You must be able to correctly, objectively, and completely answer these questions. It doesn’t matter how you get the answers. Someone else can do the research. But it does matter where you get the answers. You get the answers from customers and potential customers.
*Why do customers buy your product?
*Why do some potential customers choose not to buy your product?
*Why does the customer buy the competitor’s product?
*What would it take you to get all of a customer’s business?
*What would it take competitors to get all of a customer’s business?
*Who is/are your customer’s best supplier(s) and why?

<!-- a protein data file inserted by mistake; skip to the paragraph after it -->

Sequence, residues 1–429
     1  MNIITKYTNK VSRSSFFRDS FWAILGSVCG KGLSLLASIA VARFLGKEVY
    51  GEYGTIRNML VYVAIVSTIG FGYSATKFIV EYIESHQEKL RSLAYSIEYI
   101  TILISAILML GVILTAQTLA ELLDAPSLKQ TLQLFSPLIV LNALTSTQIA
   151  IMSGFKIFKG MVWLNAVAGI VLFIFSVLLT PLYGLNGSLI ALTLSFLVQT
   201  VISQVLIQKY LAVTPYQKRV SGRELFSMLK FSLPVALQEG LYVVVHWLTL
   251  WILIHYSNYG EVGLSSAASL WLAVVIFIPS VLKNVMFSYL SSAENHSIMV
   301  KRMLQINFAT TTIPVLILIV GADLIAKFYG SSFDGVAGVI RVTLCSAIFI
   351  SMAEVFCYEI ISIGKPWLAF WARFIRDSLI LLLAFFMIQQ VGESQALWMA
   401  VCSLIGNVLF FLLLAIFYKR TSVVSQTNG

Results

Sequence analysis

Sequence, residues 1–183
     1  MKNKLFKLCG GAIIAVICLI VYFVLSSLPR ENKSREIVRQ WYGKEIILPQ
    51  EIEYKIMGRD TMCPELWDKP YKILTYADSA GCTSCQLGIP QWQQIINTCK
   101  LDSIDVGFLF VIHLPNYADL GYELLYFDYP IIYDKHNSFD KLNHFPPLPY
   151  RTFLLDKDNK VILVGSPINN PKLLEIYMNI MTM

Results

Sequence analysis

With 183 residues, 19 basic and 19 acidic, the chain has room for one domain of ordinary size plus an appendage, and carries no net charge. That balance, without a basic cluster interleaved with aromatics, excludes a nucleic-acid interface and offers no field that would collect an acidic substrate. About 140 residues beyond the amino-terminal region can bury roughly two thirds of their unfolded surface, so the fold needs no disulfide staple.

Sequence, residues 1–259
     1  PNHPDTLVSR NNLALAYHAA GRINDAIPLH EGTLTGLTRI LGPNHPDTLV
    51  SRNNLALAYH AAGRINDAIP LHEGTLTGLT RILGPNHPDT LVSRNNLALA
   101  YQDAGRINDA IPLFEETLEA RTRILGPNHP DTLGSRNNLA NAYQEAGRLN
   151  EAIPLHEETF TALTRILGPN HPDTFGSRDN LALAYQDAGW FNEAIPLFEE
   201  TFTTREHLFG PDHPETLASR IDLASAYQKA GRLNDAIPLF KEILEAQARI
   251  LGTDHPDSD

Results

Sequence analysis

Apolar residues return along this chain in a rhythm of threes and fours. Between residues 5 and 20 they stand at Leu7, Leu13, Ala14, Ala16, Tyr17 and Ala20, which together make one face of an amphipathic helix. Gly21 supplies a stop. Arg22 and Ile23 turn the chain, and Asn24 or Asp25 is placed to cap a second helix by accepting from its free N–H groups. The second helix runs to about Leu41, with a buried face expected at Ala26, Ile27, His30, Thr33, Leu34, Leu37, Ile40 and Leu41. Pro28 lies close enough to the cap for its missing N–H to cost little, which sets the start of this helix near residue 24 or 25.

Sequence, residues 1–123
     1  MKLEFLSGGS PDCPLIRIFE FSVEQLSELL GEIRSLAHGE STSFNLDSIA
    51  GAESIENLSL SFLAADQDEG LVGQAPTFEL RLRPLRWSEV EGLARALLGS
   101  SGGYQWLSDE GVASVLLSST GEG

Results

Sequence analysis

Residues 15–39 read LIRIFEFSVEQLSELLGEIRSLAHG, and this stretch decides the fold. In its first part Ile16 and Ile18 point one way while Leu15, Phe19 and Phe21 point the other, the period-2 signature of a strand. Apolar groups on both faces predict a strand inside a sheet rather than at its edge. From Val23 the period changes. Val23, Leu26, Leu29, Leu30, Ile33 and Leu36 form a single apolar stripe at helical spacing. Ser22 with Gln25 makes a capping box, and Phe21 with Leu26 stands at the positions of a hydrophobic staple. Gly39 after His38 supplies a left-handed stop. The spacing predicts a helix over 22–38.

*Ask the customer, “If you were president of our company, what would you change and why?
These questions are often best asked by an objective third party. They are hard for the marketer to ask. If the customer answers frankly, the answers are sometimes hard to hear, if the marketer asks, customers can be reluctant to answer completely and truthfully. Do not depend on the sales force to give you unbiased answers. The sales force is with customers’ every day, but salespeople tend to talk to people who buy, and to people they like. The salesforce shies away from the tough non-buyer. The salesforce answers are understandably tilted.
If you want to know the answers, don’t run from bad news or knotty problems. Don’t fight the findings. Fix things. Give the customers more of what they like and less of what they don’t like.
Get the answers to these questions from the current customers at least once a year. Continually get the answers from new and potential customers.